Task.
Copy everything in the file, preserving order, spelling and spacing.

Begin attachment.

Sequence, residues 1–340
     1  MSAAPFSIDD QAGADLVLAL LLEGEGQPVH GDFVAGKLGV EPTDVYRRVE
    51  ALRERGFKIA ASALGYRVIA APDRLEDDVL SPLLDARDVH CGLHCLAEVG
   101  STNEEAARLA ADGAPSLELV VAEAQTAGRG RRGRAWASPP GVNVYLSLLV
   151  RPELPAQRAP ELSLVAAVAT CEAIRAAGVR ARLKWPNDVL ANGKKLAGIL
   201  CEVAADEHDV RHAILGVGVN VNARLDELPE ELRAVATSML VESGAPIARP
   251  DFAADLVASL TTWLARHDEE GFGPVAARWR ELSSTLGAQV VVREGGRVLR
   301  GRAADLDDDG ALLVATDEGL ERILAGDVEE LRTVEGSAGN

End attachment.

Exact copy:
Sequence, residues 1–340
     1  MSAAPFSIDD QAGADLVLAL LLEGEGQPVH GDFVAGKLGV EPTDVYRRVE
    51  ALRERGFKIA ASALGYRVIA APDRLEDDVL SPLLDARDVH CGLHCLAEVG
   101  STNEEAARLA ADGAPSLELV VAEAQTAGRG RRGRAWASPP GVNVYLSLLV
   151  RPELPAQRAP ELSLVAAVAT CEAIRAAGVR ARLKWPNDVL ANGKKLAGIL
   201  CEVAADEHDV RHAILGVGVN VNARLDELPE ELRAVATSML VESGAPIARP
   251  DFAADLVASL TTWLARHDEE GFGPVAARWR ELSSTLGAQV VVREGGRVLR
   301  GRAADLDDDG ALLVATDEGL ERILAGDVEE LRTVEGSAGN